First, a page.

2. Freeblast to Heart (or "French Freelbast" as my wife calls it, since we liberally pulled on gear on the two 5.11 sections). Rap down a half pitch to collect the bag and head up to Lung Ledge for the night.

3. Lung Ledge to El Cap Spire. I've always thought El Cap Spire looked like the ultimate bivy, so though darkness came one pitch below the Alcove, I led on through to the Spire in the dark.

4. We got up late and were really fatigued. We made it to the Block and just ran out of steam. There was no way we would have made Long Ledge. I'm glad we did this, though, because we were rested enough to really enjoy the awesome climbing the next day.

5. The Block to the Summit. Fantastic climbing day. In my fatigue, climbing the Sewer the previous day, I swore I would never do another wall. This day was so much fun, though, I was sitting at the belays thinking about which route to do next.

6. Descend and drive home. It was still light out when we got to the summit, but we had done a fair day's work so we bivied here. Good decision - the East Ledges walkoff was longer than I had imagined.

So it was
- three nights on the wall
- four days climbing
- five days if you count the afternoon of hauling to Heart
- six days round trip from our house.

DISCLOSURE 2

It was *my* first wall. My wife had actually done the Prow in June, so she had somewhat of a clue as to what was going on. Mostly, though, we drew on our collective 40 years of trad climbing experience, which gets you pretty far, but I would still never have come up with the 2:1 hauler, the tension release knot, the gri-gri jugging system, holding the ascender over the top instead of by the handle... and 50 other *little* things that just added up to such an energy savings spread out over 36 pitches.

Quote:
And your wife is SO COOL to know that Big Walling is more about perserverance than ability, strength or gear.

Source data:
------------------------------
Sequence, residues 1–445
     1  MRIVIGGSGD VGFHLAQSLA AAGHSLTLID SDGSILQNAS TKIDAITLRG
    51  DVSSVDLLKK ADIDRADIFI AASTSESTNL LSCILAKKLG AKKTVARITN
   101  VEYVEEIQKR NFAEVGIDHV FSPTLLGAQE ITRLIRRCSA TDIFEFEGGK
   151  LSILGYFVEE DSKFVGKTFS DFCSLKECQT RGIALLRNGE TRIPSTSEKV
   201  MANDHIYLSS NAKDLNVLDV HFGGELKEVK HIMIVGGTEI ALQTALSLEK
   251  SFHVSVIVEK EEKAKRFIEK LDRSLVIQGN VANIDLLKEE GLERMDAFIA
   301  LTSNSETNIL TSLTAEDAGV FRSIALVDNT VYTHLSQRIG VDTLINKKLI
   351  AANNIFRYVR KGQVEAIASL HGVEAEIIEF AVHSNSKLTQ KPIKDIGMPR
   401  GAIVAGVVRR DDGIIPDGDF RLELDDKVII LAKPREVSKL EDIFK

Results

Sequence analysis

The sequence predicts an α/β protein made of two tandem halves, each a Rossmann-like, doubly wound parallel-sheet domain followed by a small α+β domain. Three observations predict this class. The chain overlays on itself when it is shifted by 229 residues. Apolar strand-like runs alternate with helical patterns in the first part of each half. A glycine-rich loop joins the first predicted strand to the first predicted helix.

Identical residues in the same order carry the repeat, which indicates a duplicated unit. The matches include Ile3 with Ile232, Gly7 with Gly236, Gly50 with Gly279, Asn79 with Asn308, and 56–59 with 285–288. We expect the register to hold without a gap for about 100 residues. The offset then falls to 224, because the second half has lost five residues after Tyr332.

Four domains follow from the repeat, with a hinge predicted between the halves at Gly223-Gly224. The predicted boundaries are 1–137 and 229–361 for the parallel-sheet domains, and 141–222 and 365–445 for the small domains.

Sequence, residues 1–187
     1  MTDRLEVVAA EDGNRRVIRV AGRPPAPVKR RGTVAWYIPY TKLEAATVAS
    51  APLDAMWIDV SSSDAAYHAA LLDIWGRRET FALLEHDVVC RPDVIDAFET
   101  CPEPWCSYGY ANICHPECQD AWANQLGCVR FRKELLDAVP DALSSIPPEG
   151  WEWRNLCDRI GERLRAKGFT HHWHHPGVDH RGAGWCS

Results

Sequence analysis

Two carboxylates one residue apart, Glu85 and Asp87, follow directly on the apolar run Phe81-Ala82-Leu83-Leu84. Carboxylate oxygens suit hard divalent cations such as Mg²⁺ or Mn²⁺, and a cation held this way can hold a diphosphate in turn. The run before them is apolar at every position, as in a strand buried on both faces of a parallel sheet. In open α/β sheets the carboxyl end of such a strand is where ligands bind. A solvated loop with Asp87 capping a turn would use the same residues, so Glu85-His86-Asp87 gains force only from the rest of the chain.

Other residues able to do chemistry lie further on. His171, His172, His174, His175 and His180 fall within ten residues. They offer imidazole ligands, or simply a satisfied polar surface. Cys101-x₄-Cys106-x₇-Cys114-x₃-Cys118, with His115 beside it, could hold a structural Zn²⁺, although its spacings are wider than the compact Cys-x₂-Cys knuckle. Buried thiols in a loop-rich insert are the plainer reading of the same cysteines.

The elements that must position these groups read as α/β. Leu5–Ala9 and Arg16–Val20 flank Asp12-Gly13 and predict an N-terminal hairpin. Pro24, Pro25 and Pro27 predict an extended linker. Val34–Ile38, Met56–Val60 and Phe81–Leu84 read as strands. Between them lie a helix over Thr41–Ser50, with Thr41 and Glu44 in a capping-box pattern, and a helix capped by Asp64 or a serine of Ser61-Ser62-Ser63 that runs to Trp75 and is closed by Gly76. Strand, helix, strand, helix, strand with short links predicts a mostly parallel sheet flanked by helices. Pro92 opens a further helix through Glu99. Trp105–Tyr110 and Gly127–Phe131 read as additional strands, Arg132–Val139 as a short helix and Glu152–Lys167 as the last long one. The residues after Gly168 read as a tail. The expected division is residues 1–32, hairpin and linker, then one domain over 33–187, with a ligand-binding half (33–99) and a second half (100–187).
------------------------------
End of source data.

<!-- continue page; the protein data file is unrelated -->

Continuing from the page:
And for many other reasons! As for strength, she's strong for her size, but that doesn't help when wrestling a haul bag - perserverance is what it's all about.


CREDIT WHERE CREDIT IS DUE.

Pete's tips helped a lot, but I also feel like I need to say that we also benefited tremendously from some very generous friends, Bruce and Em, who gave us a private aid tutorial last year (not to mention everything that Em taught Theresa when they climbed the Prow). These are the folks that showed us the real fundamentals about how to approach aid climbing and also played a substantial role in planting those little seeds in my head that brought me to this forum and Pete's tips in the first place.

FINAL GLOAT

Did everyone catch the part about how once we got by the Koreans on pitch 4, we had the entire SW face to ourselves? The Koreans didn't even come back the next day. We were so alone up there. It was fantastic. I was worried about sharing ledges, about slowing down faster parties, about being slowed down by slower parties, but in fact there was literally nobody on El Cap. And here's the best part - it wasn't even hot out. Despite taking a day longer than planned, we topped out with six liters of water (three of which we contriubted to the El Cap Water Exchange).

Cheers

Tom



[ This Message was edited by: ergophobe on 2002-08-27 10:16 ]


Partner philbox
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Aug 27, 2002, 3:35 PM
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Mate that was fantastic, I can imagine how you felt when your wife elected to carry on with the climb when offered the chance to back off. You must have been bursting with pride at having found such a treasure in a wife. Give her my best regards and take a bow yourself too there dude.